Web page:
Private equity's public image in the UK is set for an overhaul to be led by its new chief lobbyist Simon Walker. Walker will be taking over as chief executive of The British Private Equity and Venture Capital Association from Peter Linthwaite, who resigned after failing to defend the industry in front of the UK Treasury Select Committee this summer. Hopes are high for Walker, who was most recently senior advisor to the chairman and CEO of the Reuters Group, to stave off criticisms of the industry as politicians increase private equity's tax bill.

Wol Kolade, BVCA chairman, said: “With his background in campaigning, journalism, Whitehall and Brussels and his broad experience of communications at some of the highest profile institutions and companies in Britain, he has got just the mix of skills that we are looking for.” One of Walker's first tasks will be to increase BVCA's membership fees to fund its organizational overhaul. Some buyout firms have said they will support the move to raise fees by as much as three times if it means that the trade group will be better equipped to defend the industry.

New classification system for venture trusts
The UK's Association of Investment Companies has introduced a new classification system for venture capital trusts (VCT). Six new sub-sectors have been created to expand on the current “specialist” and “generalist” categories. The new sectors are VCT Generalist; VCT AIM Quoted; VCT Specialist: Healthcare and Biotechnology; VCT Specialist: Environmental; VCT Specialist: Media, Leisure and Events; and VCT Specialist: Technology. The new system also distinguishes between VCTs according to the three year investment requirement rule, namely that investors must have at least 70 percent of their investments in qualifying investments, which must be invested within three years of a VCT's launch. “This will allow investors to distinguish more easily between VCTs that are fully invested and avoid the distortions that VCTs that have not yet met the investment criteria can have on performance averages,” said Daniel Godfrey, director general of AIC, in a statement.

Schumer plans US carry tax proposal
US Senator Charles Schumer, an influential member of the Senate Finance Committee, has said he will introduce legislation that will raise taxes on carried interest. But unlike an existing proposal from Sander Levin, a Michigan member of the US House of Representatives, Schumer's proposal would raise tax on carried interest for all partnerships, including private equity, hedge funds, oil and gas, timber, real estate and agriculture. Schumer, a Democrat who represents New York City, is viewed as an opponent to additional tax on carried interest, given his finance-industry constituents and Wall Street campaign donors. By introducing legislation that affects a broader set of partnerships, Schumer may in fact be attempting to kill enthusiasm for the tax raise among lawmakers whose constituents include energy industry, agricultural and other powerful business interests. “My intent is to raise the most revenue and do it in a fair way,” Schumer said in an interview with Bloomberg.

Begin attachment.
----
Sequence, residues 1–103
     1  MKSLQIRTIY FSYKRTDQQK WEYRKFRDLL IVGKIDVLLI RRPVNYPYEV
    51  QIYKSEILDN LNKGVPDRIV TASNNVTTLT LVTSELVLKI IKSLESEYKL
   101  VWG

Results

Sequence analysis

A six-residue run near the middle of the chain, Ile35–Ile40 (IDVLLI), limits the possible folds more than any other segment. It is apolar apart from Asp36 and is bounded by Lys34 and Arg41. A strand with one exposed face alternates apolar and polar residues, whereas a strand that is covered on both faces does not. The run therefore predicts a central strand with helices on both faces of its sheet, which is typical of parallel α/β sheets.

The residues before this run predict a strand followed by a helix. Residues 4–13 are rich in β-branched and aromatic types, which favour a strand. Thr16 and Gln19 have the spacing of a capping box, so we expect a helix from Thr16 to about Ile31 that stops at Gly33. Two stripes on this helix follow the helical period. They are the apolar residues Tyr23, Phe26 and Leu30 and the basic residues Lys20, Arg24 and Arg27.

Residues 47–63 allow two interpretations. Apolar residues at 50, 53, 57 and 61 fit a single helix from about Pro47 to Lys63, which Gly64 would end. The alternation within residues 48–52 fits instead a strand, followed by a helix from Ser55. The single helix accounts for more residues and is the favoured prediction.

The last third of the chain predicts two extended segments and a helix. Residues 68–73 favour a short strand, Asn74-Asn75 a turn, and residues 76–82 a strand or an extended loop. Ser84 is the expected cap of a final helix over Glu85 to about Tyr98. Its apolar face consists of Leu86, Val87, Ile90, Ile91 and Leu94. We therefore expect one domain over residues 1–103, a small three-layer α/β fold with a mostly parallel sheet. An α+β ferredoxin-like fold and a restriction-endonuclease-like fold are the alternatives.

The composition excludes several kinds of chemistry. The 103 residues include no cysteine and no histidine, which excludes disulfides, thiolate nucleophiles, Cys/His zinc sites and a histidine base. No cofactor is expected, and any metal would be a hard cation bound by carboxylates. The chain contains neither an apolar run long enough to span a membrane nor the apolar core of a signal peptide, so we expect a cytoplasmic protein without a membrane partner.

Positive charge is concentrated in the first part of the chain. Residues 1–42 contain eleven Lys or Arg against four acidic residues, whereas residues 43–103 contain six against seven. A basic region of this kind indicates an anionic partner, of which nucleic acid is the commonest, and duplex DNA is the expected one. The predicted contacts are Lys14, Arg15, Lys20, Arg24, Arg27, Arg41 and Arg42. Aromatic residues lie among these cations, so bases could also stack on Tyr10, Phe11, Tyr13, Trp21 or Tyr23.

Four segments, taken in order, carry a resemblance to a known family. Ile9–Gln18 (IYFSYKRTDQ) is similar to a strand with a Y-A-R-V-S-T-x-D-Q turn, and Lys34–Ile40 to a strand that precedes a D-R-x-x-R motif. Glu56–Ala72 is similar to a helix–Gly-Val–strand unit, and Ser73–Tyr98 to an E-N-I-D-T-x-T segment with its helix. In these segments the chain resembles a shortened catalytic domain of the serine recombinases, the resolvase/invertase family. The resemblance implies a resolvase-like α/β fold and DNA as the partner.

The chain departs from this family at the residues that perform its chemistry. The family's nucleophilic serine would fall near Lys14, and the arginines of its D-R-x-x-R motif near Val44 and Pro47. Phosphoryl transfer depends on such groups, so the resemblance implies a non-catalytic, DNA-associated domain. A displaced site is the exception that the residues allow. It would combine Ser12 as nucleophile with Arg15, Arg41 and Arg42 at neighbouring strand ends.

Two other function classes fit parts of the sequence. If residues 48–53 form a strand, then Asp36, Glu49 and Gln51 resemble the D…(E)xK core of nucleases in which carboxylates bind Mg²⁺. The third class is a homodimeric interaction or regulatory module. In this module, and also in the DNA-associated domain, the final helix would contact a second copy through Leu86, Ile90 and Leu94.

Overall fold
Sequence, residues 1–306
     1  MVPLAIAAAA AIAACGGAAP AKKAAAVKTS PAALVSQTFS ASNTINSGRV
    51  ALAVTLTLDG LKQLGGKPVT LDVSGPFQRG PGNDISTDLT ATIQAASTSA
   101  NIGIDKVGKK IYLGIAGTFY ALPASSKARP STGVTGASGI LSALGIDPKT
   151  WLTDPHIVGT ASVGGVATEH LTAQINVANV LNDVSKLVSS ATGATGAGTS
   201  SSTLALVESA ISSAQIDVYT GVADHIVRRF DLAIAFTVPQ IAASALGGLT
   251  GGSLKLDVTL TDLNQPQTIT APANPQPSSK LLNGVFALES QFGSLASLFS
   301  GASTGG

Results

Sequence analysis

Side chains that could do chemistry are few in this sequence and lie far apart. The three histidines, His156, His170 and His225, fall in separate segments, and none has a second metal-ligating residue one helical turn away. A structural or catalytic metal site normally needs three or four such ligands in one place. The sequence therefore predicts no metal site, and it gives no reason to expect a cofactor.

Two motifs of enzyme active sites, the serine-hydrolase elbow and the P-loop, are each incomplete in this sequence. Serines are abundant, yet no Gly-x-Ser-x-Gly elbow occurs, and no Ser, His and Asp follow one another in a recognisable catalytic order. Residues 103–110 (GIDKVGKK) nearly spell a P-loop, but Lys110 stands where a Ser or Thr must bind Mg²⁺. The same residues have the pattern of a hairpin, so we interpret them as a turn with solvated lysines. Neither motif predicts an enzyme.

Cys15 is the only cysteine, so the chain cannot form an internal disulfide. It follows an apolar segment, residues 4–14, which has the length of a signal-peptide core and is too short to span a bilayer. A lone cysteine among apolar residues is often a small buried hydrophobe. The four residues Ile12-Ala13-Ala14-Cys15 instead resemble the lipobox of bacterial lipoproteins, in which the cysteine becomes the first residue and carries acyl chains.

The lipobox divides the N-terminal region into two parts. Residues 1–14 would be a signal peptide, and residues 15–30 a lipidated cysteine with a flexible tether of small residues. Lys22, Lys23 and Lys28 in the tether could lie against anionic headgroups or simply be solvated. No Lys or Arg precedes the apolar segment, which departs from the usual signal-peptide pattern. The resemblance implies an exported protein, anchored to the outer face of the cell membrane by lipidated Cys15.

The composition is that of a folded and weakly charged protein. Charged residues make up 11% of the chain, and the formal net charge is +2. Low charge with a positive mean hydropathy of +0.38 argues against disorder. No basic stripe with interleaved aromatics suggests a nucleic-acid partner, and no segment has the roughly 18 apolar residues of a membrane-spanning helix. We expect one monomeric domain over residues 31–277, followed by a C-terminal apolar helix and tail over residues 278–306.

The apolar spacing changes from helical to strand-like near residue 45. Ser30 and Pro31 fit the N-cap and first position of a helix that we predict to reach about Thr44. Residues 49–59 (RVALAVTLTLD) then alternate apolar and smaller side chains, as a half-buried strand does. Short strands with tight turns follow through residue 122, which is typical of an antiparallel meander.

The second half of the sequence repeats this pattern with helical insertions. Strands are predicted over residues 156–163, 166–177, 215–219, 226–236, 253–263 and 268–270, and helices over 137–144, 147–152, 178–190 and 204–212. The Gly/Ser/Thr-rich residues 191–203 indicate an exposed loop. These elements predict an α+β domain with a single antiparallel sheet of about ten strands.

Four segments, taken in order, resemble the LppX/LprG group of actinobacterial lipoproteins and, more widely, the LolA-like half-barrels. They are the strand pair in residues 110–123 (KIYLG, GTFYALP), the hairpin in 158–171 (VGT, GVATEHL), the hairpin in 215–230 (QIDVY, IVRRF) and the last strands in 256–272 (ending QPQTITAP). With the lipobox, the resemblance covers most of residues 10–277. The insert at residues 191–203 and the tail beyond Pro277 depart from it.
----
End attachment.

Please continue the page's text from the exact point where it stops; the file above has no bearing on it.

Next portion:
Bain's 3Com deal draws US scrutiny
A deal that pairs Chinese telecommunications firm Huawei Technologies with Bain Capital in the acquisition of publicly traded 3Com is drawing scrutiny from the US government over worries that the impending transaction comes with a risk to national security. Bain Capital has agreed to a national security review of the $2.2 billion buyout. The deal would give a minority stake in 3Com to Huawei, which reportedly has close ties to the Chinese government. In a statement, Bain Capital said: “We believe the US government review in this matter will conclude that the company will be firmly controlled by an American firm, have only a small minority foreign shareholders, and the deal presents no risks to national security.” Huawei has not received good press in the past – the company has fought allegations that it once breached UN Iraq sanctions. 3Com has previously pursued transactions with Huawei.

New US-Canada protocol eases burdens
Cross-border deals between the US and Canada should be made less painful thanks to a newly signed tax treaty, made effective in late September. The new treaty, the culmination of 10 years of negotiations, was signed by Henry Paulson, the US Treasury Secretary, and Jim Flaherty, Canada's Finance Minister. Among the enhancements to US-Canada trade are: the elimination of withholding taxes on cross-border interest payments; the extension of treaty benefits to limited liability companies; a requirement that certain key double tax issues, such as transfer pricing, be settled through arbitration; a recognition of certain tax issues surrounding pension contributions; and a clarification on how stock options are taxed. Nancy Hughes Anthony, president and chief executive of the Canadian Bankers Association, said in a statement that the new protocol would “result in increased investment, reduced cost of capital, and more efficient North American capital markets.”